Leete v. County of Warren, No. 308A94

Docket NºNo. 308A94
Citation462 S.E.2d 476, 341 N.C. 116
Case DateJuly 28, 1995
CourtUnited States State Supreme Court of North Carolina

Page 476

462 S.E.2d 476
341 N.C. 116
Harry M. LEETE, Albert Sears Bugg, Thomas Holt, Claude F.
Burrows, II, Cecil Craig Allen, Charles A.
Bennett, William S. Bugg, James E.
Crenshaw, Jr., and The Other
Taxpayers of Warren County
v.
The COUNTY OF WARREN, a body politic and corporate; Lucious
Hawkins, Chairman of the Board of Commissioners of Warren
County; O.L. Meek, William T. Skinner, III, James Byrd and
George E. Shearin, Members of the Board of Commissioners of
Warren County; and Susan W. Brown, Finance Officer of Warren County.
No. 308A94.
Supreme Court of North Carolina.
July 28, 1995.

Banzet, Banzet & Thompson by Julius Banzet, III and Lewis A. Thompson, III, Warrenton, for plaintiffs-appellants.

Michael B. Brough & Associates by Michael B. Brough and Charles T. Johnson, Jr., Chapel Hill, for defendants-appellees.

ORR, Justice.

Plaintiffs instituted this action on 22 February 1993, alleging that the Warren County Board of Commissioners ("the Board") unlawfully authorized severance pay in the amount of $5,073.12 to Mr. Charles Worth upon his voluntary resignation after nine years of service as County Manager.

Plaintiffs sought and obtained a temporary restraining order on 22 February 1993, preventing the Board from making the payment to Mr. Worth. The defendants filed an answer on 22 March 1993. On 23 March 1993, plaintiffs' motion for a preliminary injunction came on for hearing which was transformed into a hearing on the merits by consent of the parties. On 25 March 1993, the trial court entered an order permanently enjoining the Board from making the payment to Mr. Worth. Defendants appealed to the North Carolina Court of Appeals, which reversed the trial court's ruling. Plaintiffs filed notice of appeal of right with this Court based upon the substantial constitutional issue raised. N.C.G.S. § 7A-30(1) (1989).

The minutes of the 1 February 1993 meeting of the Board show that during the executive session of its regular meeting, Charles Worth announced his resignation from the County Manager position effective 1 March 1993 to accept employment in the office of the newly elected representative from the First Congressional District. The Board accepted Mr. Worth's resignation. Although it is not reflected in the 1 February meeting minutes, the complaint subsequently filed in this action alleges, and the defendants admitted in [341 N.C. 118] their answer, that at the same meeting, Mr. Worth requested "payment of an additional sum equal to three months salary." The Board voted unanimously to pay Mr. Worth "six weeks of severance pay" totalling $5,073.12. Returning to open session, the Board announced Mr. Worth's resignation, and the minutes of this meeting reflect that the Board's chairman then "expressed gratitude to Mr. Worth for the quality of service he has rendered to Warren County during his nine-year tenure."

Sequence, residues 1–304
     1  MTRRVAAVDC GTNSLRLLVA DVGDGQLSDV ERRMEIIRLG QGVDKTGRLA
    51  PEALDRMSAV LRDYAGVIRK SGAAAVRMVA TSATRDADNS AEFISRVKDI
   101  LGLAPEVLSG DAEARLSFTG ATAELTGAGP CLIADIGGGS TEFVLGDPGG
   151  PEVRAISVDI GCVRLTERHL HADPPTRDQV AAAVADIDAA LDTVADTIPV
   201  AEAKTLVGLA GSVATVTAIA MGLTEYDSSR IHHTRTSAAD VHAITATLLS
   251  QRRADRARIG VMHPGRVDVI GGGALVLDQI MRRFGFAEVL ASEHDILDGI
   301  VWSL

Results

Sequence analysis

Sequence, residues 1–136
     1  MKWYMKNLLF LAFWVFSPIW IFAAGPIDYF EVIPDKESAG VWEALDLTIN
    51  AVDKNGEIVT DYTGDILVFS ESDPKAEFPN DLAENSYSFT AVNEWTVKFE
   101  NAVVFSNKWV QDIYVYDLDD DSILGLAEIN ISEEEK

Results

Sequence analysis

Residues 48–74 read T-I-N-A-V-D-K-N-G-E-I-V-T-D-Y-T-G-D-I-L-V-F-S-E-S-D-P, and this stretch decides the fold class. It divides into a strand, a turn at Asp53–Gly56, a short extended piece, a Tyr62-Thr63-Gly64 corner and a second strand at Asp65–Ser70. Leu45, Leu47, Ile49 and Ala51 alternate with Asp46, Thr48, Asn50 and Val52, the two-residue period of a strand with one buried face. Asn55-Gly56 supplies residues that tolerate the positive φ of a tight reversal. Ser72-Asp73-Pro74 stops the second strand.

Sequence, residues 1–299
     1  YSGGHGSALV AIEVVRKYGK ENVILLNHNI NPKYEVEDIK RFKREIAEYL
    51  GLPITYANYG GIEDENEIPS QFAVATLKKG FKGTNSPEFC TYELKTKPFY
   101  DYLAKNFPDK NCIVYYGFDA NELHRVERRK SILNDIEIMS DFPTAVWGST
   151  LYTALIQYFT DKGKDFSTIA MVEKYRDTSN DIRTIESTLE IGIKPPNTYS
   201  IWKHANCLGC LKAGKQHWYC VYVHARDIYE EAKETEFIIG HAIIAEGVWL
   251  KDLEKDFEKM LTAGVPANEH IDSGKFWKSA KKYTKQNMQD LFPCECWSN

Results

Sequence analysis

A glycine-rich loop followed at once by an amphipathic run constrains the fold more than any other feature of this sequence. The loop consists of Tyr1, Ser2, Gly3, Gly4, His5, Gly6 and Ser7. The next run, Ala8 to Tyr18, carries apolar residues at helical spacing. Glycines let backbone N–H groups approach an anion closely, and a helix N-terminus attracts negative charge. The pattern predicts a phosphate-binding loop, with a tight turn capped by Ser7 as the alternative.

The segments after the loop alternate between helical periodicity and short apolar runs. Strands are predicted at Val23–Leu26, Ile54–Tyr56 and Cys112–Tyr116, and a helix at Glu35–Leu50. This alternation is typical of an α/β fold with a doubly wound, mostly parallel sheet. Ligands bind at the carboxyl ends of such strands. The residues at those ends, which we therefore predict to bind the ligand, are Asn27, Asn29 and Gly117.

Subsequently, at the mid-monthly meeting of the Board on 17 February 1993, several citizens appeared before the Board to voice opposition to the granting of severance pay to Mr. Worth. Supporters of Mr. Worth were also present, one of whom indicated that the Board may have called the payment by the wrong name and suggested that it be considered as pay to Mr. Worth for "meritorious service." During the executive session which followed the 17 February 1993 regular meeting, one member of the Board, after rethinking his position on the propriety of granting the severance pay, made a motion to rescind the motion made at the 1 February meeting to grant six weeks' "severance pay" to Mr. Worth. The motion failed for lack of a second. As a result, plaintiffs filed this action seeking to enjoin the Board's action to follow through on its decision to pay Mr. Worth the announced severance pay.

Plaintiffs contend that the proposed payment in this case constitutes an unlawful gratuity and an "illegal and wrongful depletion of public funds" on the grounds that the defendants' proposed payment of "severance pay" to Mr. Worth violates Article I, Section 32 of the North Carolina Constitution. Article I, Section 32 provides as follows: "No person or set of persons is entitled to exclusive or separate emoluments or privileges from the community but in consideration of

Page 478

public services." N.C. Const. art. I, § 32. Thus, by its definition, Section 32 precludes exclusive or separate emoluments except "in consideration of public services." See Brumley v. Baxter, 225 N.C. 691, 36 S.E.2d 281 (1945).

Section 32 concerning emoluments dates from 1776 deriving "originally from a section of the Virginia Declaration of Rights." See John V. Orth, The North Carolina State Constitution: A Reference Guide 74 (1993). This section's immediate predecessor, which also prohibited exclusive emoluments and privileges, was Article I, Section 7. See 5 N.C. Index 4th Constitutional Law § 133 (1990).

[341 N.C. 119] It is well settled that absent evidence to the contrary, it will always be presumed "that public officials will discharge their duties in good faith and exercise their powers in accord with the spirit and purpose of the law." Huntley v. Potter, 255 N.C. 619, 628, 122 S.E.2d 681, 686-87 (1961); accord, Painter v. Wake County Board of Education, 288 N.C. 165, 178, 217 S.E.2d 650, 658 (1975). This presumption places a heavy burden on the party challenging the validity of public officials' actions to overcome this presumption by competent and substantial evidence. Id. In the case sub judice, the plaintiffs have met their burden.